I have to say, while they are in no way a pleasant experience, I do feel I'm doing better at them than last year (regardless of the outcomes - I'm still waiting for responses from all of them). I suppose it's mainly down to 3 things. Firstly, for the first time in my life I feel reasonably secure in my technique. There's plenty to improve, but at least these days it's consistent. Secondly, I have found much better audition repertoire for myself since I 'discovered' the top of my voice. Last year I was auditioning for opera courses with arias I had been singing for years, back when a top G was a feat (and not a guaranteed one at that!). I sang them fine, but they didn't show off any of the aspects of my voice that could be considered 'selling-points'. I couldn't have honestly said that I felt I sang them better than anyone else in at least some way (and if you don't feel you're bringing something exceptional to the table, then I'm pretty sure the panel won't feel it either). Finally, the amount of experience I've accumulated this past year (and let's face it, it's been a busy one: 6 operas, with substantial roles in 3 of them; first professional engagement with an opera company; vocal boot camp in the Rockies...) has significantly changed my outlook on the whole thing. I know I'm unlikely to succeed in any given audition, but I'm also able to think that I'm good enough to stand a fighting chance, and not to let the hopelessness of this profession get me down.
Why is it hopeless? I suppose that is putting it a bit harshly. It's just hard. These past months have given me a glimpse of the future, the dreaded 'year of fear', out of college, looking for work, living from audition to audition, probably working part-time to get the money for train fares... Then what is an audition? It's a day of stress, travel, preparation, all for a 5-15 minute window of opportunity. Before you get that opportunity however, you sit (or pace) in the waiting-room, surrounded by countless other singers, some of whom will (probably unknowingly) say things that intimidate or put you off. That is if there is even a waiting-room! I recently did an audition where there was only a freezing corridor. Then you enter a room, and your first glimpse of it is always a surprise. It's never what you expect it to be (listening through the door to the 3 or 4 singers before you, all of whom are of course amazing!), and neither is the panel. Even though they spent 10 minutes chatting to the person before you, they barely give you a single glance. Or maybe they're so far away you can't make out their faces. Or maybe they're so friendly you're taken aback. Hopefully you've had some time for a chat with the accompanist about tempi, odd corners, etc, but it's only now that you'll hear him play your intro (always a scary moment, especially if it goes horribly wrong). Fingers crossed that you won't be constantly worrying about the piano. The singing bit is the easiest part, it always seems to be just a bit worse than in practice, which is fine. Then a short chat with the panel, hoping they won't ask off-putting questions like 'So what are you doing about the middle of your voice?' (and I thought I had sung quite well at that one!). Or perhaps no chat, just a 'Thank you, bye!' (what did I do wrong?). Then back on the Tube, train, hours to run the whole thing back in your mind (even though it all goes fuzzy the moment you step out of the audition room) and try and think why the panel behaved the way they did and what to change for the next audition.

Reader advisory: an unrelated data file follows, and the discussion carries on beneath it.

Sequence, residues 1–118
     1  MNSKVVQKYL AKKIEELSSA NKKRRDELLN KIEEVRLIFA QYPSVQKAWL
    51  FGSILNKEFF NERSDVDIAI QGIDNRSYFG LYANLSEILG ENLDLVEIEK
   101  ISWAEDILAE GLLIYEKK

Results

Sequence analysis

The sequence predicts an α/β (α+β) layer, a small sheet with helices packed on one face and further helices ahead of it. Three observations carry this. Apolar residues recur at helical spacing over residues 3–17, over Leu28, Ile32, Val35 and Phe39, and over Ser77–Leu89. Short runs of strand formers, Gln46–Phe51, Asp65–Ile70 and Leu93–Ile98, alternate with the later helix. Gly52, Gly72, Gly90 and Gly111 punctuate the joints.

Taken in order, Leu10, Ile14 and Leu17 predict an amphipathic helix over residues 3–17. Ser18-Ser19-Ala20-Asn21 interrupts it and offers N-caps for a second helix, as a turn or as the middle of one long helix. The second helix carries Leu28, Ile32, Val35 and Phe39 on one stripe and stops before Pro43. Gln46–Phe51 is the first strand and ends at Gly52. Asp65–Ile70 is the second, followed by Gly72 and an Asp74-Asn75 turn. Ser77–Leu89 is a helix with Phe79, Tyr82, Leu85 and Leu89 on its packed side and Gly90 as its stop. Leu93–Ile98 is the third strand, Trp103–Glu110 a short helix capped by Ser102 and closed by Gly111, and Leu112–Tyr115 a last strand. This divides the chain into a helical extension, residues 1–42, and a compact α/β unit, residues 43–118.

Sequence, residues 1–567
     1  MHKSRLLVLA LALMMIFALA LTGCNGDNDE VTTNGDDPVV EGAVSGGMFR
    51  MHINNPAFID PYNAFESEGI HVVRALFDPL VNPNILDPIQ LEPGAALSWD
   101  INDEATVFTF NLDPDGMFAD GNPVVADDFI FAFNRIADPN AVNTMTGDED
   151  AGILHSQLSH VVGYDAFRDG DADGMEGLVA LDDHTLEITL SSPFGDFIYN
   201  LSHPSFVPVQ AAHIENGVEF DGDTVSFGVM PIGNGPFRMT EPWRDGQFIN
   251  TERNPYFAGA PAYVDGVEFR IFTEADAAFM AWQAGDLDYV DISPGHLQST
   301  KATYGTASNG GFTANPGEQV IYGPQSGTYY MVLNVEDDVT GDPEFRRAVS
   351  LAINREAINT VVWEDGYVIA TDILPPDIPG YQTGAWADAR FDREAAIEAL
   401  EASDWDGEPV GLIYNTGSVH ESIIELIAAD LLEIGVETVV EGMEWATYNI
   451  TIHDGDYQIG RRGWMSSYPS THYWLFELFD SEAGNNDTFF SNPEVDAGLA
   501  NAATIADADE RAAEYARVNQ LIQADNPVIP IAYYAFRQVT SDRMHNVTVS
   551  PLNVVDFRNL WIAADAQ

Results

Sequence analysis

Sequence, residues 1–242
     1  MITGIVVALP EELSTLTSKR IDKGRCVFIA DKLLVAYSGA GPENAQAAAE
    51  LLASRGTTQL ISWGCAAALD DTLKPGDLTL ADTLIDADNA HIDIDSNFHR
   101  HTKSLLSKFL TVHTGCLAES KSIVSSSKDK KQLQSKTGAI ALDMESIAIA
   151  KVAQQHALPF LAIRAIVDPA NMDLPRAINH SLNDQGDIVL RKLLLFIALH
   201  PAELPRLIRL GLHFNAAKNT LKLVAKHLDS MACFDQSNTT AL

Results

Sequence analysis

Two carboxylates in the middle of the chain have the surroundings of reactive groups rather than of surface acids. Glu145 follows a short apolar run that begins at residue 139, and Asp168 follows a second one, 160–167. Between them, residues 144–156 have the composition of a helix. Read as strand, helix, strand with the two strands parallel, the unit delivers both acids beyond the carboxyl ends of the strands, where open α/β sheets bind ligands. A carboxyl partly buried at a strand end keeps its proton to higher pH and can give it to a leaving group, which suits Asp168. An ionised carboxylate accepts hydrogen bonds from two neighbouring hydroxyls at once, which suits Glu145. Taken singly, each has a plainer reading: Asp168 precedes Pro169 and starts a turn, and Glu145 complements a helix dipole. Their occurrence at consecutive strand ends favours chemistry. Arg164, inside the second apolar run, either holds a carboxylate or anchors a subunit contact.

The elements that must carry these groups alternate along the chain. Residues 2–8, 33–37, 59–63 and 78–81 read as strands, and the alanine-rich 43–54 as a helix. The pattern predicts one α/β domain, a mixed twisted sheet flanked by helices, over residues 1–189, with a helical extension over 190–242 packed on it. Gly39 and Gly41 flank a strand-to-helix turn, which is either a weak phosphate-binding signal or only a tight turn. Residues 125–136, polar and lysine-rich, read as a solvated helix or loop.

And how many of these will it take before you get a break? How much will you end up spending on travel? How much is the stress going to ruin your health? Why are you even doing this in the first place?
Well, the answer to that is: Because once you start rehearsing, you will be reminded that this is the best job in the world, and when you step onto the stage, it just gets better!